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B.R. Prakash asked: Indian Navy has a goal of being a net security provider in the IOR. With Chinese SLBM submarines operating, is there a case for developing a sea based ballistic missile defence?

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  • Abhay Kumar Singh replies: For operational flexibility, the ballistic missile defence (BMD) systems are not geographically fixed but are deployable. Sea based BMD systems are fitted on suitably modified naval platforms. Even though land based systems are transportable, it requires significant logistics during deployment. In addition, it remains essentially dormant during transit and takes time to be activated on arrival at their destination. In comparison, seaborne systems can readily move in and respond to changing demands for BMD capabilities, evade detection and targeting by enemy forces, and can do so without additional logistics hassle.

    The US Navy has currently around 40 ships with Aegis BMD system. Japan has three naval ships equipped with Aegis BMD system. Four Aegis ships of the US Navy are permanently homeported in Japan due to growing ballistic missile threat from North Korea. The US Navy is also responsible for augmenting NATO’s BMD system through deployment of sea based BMD during crisis.

    Even though sea based BMD system has its advantage, BMD ships get tethered within a narrow geographical box around land which reduces the availability of such ships to conduct other naval tasks including patrolling, assault, land attack, constabulary duties, escort of shipping, and protection of aircraft carrier or amphibious groups. Since naval ships are inherently multi-mission capable, it is argued that employment of naval ships, in a narrow range of role for sea based BMD, is not cost effective. Due to this reason, US is exploring potential use of shore based Aegis complex in order to free up its BMD ships for other naval tasks.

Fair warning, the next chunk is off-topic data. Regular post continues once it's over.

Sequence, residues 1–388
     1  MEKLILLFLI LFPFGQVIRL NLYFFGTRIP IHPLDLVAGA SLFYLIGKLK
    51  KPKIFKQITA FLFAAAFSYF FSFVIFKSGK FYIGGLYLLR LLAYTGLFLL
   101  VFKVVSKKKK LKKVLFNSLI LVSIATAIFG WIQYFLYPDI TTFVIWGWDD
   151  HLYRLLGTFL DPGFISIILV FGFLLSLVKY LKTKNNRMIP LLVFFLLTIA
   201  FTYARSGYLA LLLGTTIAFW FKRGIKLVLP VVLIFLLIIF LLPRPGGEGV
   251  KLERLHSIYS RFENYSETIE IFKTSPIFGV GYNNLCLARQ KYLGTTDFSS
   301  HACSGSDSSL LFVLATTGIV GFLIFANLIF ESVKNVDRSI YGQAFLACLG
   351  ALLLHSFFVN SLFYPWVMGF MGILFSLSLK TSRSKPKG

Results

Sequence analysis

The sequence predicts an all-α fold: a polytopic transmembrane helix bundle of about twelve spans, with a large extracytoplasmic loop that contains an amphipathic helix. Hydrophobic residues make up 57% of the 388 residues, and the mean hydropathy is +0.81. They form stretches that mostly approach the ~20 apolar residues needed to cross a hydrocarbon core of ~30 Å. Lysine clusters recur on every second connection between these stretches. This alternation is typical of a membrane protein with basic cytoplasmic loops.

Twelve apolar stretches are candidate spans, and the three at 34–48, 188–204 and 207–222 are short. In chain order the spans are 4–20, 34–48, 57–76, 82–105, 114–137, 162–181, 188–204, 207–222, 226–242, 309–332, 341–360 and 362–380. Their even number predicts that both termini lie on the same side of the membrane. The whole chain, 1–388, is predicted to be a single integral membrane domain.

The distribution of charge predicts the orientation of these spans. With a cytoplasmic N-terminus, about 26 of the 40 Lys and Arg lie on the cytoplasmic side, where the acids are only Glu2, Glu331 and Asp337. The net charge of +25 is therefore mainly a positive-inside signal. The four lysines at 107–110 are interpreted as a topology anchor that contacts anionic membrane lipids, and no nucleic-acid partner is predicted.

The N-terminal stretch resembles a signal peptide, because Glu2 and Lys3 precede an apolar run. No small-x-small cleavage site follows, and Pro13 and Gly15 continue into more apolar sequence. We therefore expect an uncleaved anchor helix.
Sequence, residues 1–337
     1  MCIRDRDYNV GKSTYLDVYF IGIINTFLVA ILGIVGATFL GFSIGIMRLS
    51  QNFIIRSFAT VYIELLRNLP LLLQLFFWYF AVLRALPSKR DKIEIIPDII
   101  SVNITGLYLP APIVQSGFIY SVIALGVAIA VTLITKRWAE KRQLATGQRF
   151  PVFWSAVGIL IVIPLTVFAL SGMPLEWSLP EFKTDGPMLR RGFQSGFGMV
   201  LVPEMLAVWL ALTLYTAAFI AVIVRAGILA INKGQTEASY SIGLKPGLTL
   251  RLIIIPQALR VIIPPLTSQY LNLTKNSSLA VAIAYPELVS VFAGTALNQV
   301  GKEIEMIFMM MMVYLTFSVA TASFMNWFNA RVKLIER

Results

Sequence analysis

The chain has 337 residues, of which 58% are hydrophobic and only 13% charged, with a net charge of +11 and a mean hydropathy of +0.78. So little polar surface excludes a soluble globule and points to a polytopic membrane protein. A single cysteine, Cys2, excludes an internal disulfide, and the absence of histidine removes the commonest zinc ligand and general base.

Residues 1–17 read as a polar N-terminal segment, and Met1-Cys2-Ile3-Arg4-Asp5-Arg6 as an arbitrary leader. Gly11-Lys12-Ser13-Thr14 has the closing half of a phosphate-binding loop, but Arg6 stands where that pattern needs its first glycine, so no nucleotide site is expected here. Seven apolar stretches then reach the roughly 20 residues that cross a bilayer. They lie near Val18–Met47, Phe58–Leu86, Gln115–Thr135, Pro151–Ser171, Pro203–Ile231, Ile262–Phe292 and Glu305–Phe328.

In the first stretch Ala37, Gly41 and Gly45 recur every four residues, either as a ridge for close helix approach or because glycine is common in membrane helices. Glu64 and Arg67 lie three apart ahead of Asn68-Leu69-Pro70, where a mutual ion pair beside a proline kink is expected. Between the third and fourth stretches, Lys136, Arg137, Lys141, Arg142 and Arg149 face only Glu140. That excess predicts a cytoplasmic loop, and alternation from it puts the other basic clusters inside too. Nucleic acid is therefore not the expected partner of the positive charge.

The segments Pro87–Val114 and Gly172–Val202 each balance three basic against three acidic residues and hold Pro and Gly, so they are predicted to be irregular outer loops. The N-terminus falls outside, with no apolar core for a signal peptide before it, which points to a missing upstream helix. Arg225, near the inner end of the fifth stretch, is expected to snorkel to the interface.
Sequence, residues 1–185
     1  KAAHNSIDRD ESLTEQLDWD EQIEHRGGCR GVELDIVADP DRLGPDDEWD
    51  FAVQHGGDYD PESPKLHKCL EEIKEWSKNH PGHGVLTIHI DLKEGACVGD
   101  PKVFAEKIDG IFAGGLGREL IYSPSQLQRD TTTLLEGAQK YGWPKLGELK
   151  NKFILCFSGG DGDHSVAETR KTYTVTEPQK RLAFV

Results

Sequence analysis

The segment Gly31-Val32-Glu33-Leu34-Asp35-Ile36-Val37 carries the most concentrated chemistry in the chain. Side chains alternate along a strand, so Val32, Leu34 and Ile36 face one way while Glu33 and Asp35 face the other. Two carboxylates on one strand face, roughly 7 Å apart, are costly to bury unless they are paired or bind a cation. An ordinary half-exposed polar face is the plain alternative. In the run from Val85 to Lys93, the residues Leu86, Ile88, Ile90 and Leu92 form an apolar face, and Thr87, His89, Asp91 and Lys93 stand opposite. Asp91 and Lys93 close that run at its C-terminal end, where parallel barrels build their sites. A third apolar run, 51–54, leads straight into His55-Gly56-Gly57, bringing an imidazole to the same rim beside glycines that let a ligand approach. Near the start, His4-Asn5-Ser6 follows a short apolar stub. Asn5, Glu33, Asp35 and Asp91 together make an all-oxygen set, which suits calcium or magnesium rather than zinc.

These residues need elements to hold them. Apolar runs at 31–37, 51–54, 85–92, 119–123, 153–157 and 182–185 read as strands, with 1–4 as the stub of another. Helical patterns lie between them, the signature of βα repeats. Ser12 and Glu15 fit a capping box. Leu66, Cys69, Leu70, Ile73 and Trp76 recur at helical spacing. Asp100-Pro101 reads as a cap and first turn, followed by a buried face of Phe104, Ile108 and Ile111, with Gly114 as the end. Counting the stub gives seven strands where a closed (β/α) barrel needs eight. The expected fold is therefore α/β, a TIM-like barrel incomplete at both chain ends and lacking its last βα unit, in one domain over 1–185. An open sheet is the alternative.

Chinese SLBM in the Indian Ocean Region (IOR) certainly complicates the strategic challenges for India which points towards consideration of acquisition of sea based BMD capability. However, such an approach needs to take into account the acquisition cost of BMD capable ships along with operational limitations highlighted above. Whether investment in building strategic anti-submarine warfare (ASW) capability for countering Chinese submarine threat would be a better option is an issue worth careful consideration.

    The argument that India needs sea based BMD as it seeks to be a ‘net security provider’ is an expansive interpretation of the net security provider concept. Preservation of a stable maritime environment in the IOR is certainly a strong incentive for assuming the role of a security provider. However, India’s net security provider assurances are not analogous to treaty obligations of the US that assure comprehensive security to her allies including deployment of her land and sea based BMD systems. India’s net security provider obligations remain limited in the security cooperation domain, which include cooperation on capacity augmentation, capability building, military diplomacy and military assistance.

    Posted on February 14, 2019

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